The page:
A report by U.S. Immigration and Customs Enforcement indicates a sharp increase in the arrest and deportation of immigrants who have broken U.S. laws. More than 396,000 people were booked into ICE detention facilities during the fiscal year that ended in September, an increase of 22.5 percent from the previous year. More than 250,000 immigrants were deported , and more than half of them were convicted of a crime .
Ghithan was born in Ramallah in the West Bank and arrived in the U.S. on a student visa in 2005. He married an American woman and received a green card, but allowed it to expire in 2012.
He went to college in Texas where, Ghithan says, friends led him astray. He was convicted on a gambling-related charge in Waco in June 2013, and possession of drug paraphernalia in May 2016. He was released on probation and given a deferred judgment.
He then separated from his wife and moved to Omaha to live with his uncle and cousins. It was there, as he sought to renew his green card in early 2017, that ICE officials uncovered his criminal record and jailed him in Iowa.
Ghithan was told he would see a judge within two weeks, and he expected to post bail and be released. But it was two months before a judge considered his case, and that judge denied him bail because his crime was drug related.
An Omaha immigration judge meanwhile rejected Ghithan’s request for asylum based on his claim that he was fleeing violence in the Middle East. The judge ordered him to be deported to Israel, but nothing happened.
After calling the American Bar Association from jail, he challenged the constitutionality of his imprisonment but mistakenly filed the document in Omaha because he thought he was being held in Nebraska. Four months passed before a judge wrote to him, telling him that because he was in Iowa, he needed to file in federal court in that state.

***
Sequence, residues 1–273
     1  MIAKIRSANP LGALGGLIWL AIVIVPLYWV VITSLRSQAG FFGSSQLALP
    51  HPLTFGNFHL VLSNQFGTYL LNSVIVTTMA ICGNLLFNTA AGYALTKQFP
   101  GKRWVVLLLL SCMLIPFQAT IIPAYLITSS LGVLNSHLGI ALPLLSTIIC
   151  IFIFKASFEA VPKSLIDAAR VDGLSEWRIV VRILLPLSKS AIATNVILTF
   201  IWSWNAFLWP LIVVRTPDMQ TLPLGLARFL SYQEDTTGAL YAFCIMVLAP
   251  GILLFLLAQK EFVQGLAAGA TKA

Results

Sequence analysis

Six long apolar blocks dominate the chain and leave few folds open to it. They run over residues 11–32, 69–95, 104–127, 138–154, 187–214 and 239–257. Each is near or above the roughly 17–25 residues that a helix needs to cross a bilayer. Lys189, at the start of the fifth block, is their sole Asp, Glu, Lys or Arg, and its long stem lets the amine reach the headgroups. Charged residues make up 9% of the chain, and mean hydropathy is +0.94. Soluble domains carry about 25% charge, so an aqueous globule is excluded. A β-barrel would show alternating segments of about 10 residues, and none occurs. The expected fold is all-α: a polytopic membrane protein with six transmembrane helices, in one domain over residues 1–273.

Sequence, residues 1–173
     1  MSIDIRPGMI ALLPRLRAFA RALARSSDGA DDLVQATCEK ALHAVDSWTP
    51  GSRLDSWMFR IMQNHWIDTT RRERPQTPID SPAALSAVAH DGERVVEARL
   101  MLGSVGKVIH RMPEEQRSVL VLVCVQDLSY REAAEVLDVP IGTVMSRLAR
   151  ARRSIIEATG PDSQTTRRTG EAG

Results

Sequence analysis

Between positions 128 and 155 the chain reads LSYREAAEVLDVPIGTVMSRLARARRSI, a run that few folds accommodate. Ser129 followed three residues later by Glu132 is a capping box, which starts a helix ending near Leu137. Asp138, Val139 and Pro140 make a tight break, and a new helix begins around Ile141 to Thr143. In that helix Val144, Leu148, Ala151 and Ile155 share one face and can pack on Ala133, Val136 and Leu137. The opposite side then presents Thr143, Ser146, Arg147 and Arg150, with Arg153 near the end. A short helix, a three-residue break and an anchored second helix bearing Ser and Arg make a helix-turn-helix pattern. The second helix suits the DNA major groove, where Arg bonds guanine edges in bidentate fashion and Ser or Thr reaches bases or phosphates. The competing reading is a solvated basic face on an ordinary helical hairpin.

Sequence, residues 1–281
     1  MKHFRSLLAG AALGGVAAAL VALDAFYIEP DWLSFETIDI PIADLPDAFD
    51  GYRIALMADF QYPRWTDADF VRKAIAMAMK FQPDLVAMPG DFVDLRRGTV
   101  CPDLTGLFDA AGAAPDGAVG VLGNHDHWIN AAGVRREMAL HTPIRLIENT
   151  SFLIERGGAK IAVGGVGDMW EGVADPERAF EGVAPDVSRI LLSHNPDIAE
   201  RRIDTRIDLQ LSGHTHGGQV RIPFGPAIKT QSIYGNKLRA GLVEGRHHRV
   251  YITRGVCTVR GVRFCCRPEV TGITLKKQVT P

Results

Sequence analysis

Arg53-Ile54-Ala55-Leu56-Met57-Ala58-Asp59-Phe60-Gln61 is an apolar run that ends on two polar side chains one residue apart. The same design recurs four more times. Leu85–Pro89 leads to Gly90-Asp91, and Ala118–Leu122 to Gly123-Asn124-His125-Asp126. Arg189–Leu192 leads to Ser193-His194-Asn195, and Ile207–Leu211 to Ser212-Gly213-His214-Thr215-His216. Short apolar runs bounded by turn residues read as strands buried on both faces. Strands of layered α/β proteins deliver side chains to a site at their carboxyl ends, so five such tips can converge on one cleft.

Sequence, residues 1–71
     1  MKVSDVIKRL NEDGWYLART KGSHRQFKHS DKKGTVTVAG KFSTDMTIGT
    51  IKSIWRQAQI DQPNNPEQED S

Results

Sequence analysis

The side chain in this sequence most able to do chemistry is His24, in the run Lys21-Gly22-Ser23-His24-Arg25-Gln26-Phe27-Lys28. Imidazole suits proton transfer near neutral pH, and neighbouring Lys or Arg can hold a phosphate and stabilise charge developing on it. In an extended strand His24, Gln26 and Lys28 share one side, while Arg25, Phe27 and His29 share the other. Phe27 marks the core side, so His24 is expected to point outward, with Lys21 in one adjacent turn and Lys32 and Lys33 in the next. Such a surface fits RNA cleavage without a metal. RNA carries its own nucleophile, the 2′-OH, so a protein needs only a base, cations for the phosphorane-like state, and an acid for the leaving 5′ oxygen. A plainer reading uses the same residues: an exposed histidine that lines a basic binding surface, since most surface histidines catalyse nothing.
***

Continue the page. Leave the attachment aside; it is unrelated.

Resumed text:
He filed another petition in September 2018. After months of exchanges between U.S. District Judge Robert Pratt in Des Moines and federal officials, it became clear Ghithan’s release was not imminent.
On Dec. 10, federal officials suggested holding Ghithan until at least March to give them time to get the paperwork in order.
Ghithan’s court-appointed attorney, Kevin Hobbs, argued that Ghithan’s indefinite detention was “in violation of due process under the United States Constitution.”
Pratt granted Ghithan’s release under supervision of immigration authorities Jan. 2, saying there was no significant likelihood of his removal in the foreseeable future.
The government filed documents Friday confirming his release.
Ghithan, who is staying with relatives in Omaha, is unsure about his future. His attorney has told him he likely won’t be deported if he avoids trouble. But the immigration officer supervising his release told him not to bother looking for a job because he will be deported within a month or two.
“He’s like, ‘I’m sorry you were in jail this long, but if it was up to me I’d keep you in there because there is a good chance I’m still going to deport you,’” Ghithan said.